The books thesis, repeated over and over when referring flippantly to death and distruction, is, simply, “So It Goes.”

“What is your favorite ‘classic’ literary period and why?”


Over at The Classic’s Club they like to publish a “Monthly Meme”, a monthly blogging prompt question for the member to participate in. This months question is

“What is your favorite ‘classic’ literary period and why?”

I’ll provide my answer and ask you guys to feel free to do the same!

If you’ve been reading this blog then you know that I like to play fast and loose with terms like “classic”. Maurice Sendak is classic, Orson Scott Card is classic, Neil Gaiman is classic. In the same way I’m gonna bend the rules in defining my idea of a “literary period” as well. I ask for immense grace on the part of the reader.

I’m not really a fan of any one particular genre or period in which great work has been done; my tastes span just about every style from every time period. However, if I had to choose one time period as being great for the arts, I would choose 1914 to 1945. That is to say, the time frame from the beginning of The Great War to the end of World War II.

It is a hard truth to swallow, but war encourages good art. War encouraged better politics, better philosophy, better religion, and better culture. Are these worth the price? They probably never could be, but for some reason we need war to sharpen our ideas into feasible, real-world scenarios. I use the word “need” here not as an absolute belief but based on cyclical, historic evidence.

War takes the extreme ideals of young men and forces upon them (and everyone else) the costs and consequences of those ideas. Throughout history cultures have come to radical political and philosophical conclusions and have seen them tested in action through various political upheavals. A world-wide war has the unique sobering effect of drastically changing and solidifying the most earnest opinions at the very heart of every man. The World Wars and the time between them were an era of intense and costly trial and error, a time when every man and women, whether identified now as aggressor, defender, or victim, was drastically solidified in a frame of mind that would haunt or direct the remainder of his or her earthly experience. Grandiose philosophical and political ideals would eventually be pulverized into crippling fear, stunning bravery, blinding hatred, and inspiring forgiveness and understanding. All of the destruction wreaked resulted very clearly in artistic revolutions of all kinds.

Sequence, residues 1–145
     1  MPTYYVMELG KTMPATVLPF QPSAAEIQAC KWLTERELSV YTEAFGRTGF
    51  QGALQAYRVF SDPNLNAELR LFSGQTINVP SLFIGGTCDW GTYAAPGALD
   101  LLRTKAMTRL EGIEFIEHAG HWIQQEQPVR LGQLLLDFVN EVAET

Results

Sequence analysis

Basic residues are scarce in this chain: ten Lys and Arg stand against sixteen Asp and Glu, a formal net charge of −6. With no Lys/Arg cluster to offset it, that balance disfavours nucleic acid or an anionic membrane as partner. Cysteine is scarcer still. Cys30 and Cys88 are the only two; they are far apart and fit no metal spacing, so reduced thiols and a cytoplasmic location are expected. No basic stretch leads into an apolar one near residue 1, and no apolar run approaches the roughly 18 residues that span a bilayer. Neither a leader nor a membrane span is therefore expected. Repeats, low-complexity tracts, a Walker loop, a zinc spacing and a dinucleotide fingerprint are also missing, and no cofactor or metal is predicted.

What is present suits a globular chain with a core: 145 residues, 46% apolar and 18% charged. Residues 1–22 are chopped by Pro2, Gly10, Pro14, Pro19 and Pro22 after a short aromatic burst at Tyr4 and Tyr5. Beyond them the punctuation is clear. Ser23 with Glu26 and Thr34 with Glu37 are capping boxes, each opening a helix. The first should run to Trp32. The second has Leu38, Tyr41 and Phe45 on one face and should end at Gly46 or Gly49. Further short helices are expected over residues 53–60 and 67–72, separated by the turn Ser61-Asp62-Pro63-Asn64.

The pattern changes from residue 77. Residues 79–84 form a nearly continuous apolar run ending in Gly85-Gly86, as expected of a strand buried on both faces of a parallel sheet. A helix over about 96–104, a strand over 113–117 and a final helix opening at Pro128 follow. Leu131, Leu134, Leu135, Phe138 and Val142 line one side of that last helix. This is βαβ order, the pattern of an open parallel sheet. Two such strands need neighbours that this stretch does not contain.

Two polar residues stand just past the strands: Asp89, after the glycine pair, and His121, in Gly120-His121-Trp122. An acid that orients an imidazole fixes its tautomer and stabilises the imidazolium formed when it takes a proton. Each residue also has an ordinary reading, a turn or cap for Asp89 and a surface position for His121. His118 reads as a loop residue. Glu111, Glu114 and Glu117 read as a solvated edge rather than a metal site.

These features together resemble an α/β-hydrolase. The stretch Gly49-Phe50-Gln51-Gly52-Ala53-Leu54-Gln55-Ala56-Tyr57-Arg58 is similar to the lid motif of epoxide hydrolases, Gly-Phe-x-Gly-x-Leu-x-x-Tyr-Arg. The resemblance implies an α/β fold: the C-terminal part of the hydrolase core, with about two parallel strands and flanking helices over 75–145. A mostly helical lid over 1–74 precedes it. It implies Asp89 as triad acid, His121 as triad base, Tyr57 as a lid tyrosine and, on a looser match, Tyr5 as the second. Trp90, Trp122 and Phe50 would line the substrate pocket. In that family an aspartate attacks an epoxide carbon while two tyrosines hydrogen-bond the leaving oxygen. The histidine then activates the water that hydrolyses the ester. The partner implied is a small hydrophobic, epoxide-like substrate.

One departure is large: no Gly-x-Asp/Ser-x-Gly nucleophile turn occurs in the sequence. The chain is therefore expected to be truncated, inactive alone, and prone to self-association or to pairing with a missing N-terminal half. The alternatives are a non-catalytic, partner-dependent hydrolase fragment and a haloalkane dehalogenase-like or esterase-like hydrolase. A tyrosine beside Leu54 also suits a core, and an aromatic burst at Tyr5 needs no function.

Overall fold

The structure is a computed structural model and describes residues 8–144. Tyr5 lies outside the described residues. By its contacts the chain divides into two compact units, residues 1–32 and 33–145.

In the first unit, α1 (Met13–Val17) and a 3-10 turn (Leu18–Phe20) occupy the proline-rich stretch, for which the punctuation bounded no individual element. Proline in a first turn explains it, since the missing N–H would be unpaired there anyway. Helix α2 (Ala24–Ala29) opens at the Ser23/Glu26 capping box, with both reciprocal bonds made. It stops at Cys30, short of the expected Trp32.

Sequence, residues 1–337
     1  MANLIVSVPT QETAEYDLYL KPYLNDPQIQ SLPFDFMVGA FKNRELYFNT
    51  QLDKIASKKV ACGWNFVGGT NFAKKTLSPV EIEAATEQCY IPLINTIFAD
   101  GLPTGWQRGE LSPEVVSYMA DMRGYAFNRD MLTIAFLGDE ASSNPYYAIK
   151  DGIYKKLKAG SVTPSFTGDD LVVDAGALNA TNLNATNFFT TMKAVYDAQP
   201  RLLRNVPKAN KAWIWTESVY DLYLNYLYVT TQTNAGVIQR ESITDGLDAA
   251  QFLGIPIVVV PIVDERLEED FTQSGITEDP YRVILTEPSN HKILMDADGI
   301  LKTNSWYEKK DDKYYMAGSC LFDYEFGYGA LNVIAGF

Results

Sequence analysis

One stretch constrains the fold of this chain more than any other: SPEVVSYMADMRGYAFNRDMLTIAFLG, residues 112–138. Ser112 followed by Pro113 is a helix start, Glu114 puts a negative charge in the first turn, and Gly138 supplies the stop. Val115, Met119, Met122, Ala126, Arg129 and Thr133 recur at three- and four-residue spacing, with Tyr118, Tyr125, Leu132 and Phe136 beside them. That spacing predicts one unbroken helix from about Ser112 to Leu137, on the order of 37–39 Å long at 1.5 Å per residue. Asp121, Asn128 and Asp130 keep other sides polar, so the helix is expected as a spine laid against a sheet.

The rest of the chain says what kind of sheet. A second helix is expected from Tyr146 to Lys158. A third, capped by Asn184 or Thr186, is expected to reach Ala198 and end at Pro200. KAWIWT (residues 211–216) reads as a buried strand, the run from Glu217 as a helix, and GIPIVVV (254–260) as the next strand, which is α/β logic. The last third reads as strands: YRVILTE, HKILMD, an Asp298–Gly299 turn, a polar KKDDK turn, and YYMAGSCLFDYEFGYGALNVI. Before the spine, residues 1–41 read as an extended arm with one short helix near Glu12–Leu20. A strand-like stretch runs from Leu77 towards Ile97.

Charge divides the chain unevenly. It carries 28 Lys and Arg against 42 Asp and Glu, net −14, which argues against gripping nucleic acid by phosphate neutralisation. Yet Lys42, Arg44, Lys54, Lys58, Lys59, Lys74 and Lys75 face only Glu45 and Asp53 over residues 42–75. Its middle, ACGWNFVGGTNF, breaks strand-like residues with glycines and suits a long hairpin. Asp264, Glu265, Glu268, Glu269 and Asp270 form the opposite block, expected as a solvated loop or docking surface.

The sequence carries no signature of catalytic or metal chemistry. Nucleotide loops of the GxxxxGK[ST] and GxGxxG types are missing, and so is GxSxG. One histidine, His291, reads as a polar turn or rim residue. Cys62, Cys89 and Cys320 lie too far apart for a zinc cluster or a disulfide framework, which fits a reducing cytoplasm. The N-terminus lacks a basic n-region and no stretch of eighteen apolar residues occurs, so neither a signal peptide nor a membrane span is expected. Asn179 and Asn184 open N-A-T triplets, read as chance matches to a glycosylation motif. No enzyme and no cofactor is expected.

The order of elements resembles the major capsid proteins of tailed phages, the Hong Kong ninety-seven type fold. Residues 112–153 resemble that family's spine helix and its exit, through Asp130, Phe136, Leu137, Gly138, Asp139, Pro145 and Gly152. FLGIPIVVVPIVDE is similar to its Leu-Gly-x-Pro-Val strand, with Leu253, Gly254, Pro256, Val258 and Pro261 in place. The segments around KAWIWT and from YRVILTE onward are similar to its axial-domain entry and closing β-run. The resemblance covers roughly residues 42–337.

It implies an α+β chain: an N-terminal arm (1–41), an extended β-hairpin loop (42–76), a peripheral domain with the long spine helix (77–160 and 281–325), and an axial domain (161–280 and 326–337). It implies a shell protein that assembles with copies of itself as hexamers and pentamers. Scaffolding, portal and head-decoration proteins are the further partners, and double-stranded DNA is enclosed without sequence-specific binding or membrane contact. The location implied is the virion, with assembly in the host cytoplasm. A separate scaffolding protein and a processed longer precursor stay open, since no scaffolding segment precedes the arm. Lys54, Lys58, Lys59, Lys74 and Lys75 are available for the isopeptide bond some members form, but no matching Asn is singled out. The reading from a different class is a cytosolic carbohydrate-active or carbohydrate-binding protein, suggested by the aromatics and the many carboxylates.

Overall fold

Concerning World War I, I think literarally of D.H. Lawrence, W. Somerset Maugham, Fitzgerald, Hemmingway, and T.S. Eliot among dozens of others. These are not necessarily known for war literature, but war imposed itself upon and transformed all in their craft. I consider C.S. Lewis and J.R.R Tolkien, destined to be friends as both fought through some of the most bloody and unsurvivable experiences of The Great War. Both lost most of their dearest friends, and even their more whimsical works are depicted with the sobriety of a man who has wrestled with war first-hand.

I consider the upheaved, unsettled time between the wars and the seemingly unavoidable onset of the Second World War. Another generation of men and women are rocked to their very cores, including Lee, Capote, Salinger, Vonnegut, Wouk, Mailer, and Lois Lowry among an entire generation in transition. Most rebelled against society at large, unable to cope with the unforeseen impacts that continue to ripple through culture today.

I especially think of the story of Ernest Hemmingway, already a revered author and now a war correspondent, meeting for drinks with a then-undiscovered J.D. Salinger, in a little house near the frontline in the midst of WWII. Young Salinger had carried a rough draft of the first six chapters of what would become The Catcher In The Rye stuffed in his jacket since before he landed on the beaches on D-Day and he had somehow found time to write and submit short stories to magazines from on the frontline. He had already built up a bit of a reputation with Hemmingway, and they spent a hearty evening together, drinking wine through the cold winter night and discussing the quality of Salinger’s work and literature in general. Before dawn they separated once more, and from what we know had very little interaction thereafter. Eventually, the elder would turn into a severe alcoholic before committing suicide, while the younger would seek solace in mystic religion and half a century of extreme reclusion.

While it can feel trite to explore the literary implications of the most destructive periods in world history, our art has more to say than anything else when we look to see how the minds of men are molded by these terrors. The lives of these artists, perhaps more so than their art at times, display the coping of humanity with unspeakable confusion. Some we find doubly moored to the foundations they already claimed, other finding some source of respite in the aftermath. So many others we find spiraling without answer, creating in the constant wake of the thousand-yard stare.